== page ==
The Ashkenazic Rishonim ruled even more stringently. The Rokeach (312) writes that he asked Rabbenu Kalonymos of Rome when the prohibition against bathing begins. He replied,

 

"One must abstain from washing from Rosh Chodesh Av, and it is forbidden on Rosh Chodesh itself, because it says, '[I will end all her rejoicing:] her festivals, new moons, and sabbaths' [Hoshea 2:13]. Before Rosh Chodesh, however, it is permissible."

 

The Shulchan Arukh (O.C. 551:16) cites both opinions. The Sefaradic custom is to refrain from bathing only during the week of Tisha Be-Av, following the ruling of the Sefaradic Rishonim - the Rambam, the Ramban (in Torat ha-Adam), the Ra'a (Pekudat ha-Levi'im, Ta'anit 29a), the Ran (Ta'anit), and others (see Yabi'a Omer, vol. 5, O.C. 41). The Ashkenazim observe this practice already from Rosh Chodesh Av, in accordance with the aforementioned view of Rabbi Kalonymos, as well as the Mordekhai (Ta'anit), the Or Zaru'a (2:414) and others.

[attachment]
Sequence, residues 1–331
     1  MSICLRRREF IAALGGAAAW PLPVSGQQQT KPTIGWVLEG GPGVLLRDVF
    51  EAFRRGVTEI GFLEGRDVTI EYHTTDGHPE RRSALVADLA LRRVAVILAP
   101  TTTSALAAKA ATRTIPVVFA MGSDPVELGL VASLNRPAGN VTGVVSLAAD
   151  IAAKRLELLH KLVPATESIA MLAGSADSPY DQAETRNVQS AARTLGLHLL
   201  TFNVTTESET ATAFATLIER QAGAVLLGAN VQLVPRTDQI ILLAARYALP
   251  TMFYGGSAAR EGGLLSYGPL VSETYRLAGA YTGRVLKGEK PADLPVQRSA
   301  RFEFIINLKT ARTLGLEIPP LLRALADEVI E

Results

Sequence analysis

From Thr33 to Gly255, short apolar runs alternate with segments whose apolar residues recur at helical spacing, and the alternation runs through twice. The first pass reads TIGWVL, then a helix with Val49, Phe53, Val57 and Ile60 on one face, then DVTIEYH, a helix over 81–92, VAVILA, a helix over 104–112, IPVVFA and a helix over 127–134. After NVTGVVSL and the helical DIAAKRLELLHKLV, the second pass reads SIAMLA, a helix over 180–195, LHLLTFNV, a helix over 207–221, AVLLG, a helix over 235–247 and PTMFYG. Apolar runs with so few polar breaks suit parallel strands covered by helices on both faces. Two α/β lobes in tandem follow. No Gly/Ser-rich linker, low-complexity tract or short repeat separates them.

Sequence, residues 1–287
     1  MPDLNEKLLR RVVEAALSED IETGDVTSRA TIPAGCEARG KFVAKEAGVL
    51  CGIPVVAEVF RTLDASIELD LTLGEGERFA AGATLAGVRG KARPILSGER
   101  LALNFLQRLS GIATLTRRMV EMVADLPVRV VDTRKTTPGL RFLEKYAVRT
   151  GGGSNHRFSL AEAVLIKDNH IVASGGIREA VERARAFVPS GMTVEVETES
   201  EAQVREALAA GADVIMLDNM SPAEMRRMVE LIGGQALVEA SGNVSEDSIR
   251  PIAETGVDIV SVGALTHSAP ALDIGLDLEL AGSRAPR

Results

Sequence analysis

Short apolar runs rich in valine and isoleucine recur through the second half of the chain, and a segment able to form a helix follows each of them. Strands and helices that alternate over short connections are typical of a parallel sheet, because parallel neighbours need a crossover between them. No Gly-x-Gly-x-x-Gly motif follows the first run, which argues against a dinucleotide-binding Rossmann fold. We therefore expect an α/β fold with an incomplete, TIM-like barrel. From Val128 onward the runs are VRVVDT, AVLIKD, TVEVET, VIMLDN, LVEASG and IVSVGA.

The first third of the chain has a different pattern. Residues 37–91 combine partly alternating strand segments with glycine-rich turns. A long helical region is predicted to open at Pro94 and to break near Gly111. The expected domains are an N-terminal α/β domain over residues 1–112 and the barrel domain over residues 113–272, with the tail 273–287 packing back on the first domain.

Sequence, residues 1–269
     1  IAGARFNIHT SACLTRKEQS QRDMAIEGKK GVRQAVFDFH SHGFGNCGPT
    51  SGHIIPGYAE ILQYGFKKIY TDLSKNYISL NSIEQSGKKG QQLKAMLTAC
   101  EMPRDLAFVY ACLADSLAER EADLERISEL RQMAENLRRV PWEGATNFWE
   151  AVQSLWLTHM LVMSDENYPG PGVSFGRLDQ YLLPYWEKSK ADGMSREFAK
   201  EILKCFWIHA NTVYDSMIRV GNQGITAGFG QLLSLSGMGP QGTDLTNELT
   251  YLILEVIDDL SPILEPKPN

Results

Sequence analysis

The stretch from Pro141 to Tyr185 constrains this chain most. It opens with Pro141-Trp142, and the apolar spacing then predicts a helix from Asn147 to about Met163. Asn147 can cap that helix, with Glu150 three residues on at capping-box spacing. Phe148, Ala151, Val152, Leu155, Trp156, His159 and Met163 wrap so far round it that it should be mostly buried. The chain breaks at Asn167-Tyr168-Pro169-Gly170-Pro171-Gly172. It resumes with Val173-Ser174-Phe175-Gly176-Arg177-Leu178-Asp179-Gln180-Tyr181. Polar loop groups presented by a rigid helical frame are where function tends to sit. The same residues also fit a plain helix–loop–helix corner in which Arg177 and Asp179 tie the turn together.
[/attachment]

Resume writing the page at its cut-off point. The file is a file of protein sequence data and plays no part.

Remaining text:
Leniencies:

 

The Mishna (Berakhot 16b) recounts that Rabban Gamliel bathed the first night after his wife's passing. When questioned by his students as to how he could bathe during his period of mourning, he replied that he is an "istenis" (a particularly sensitive person), and such a person may wash during his period of mourning.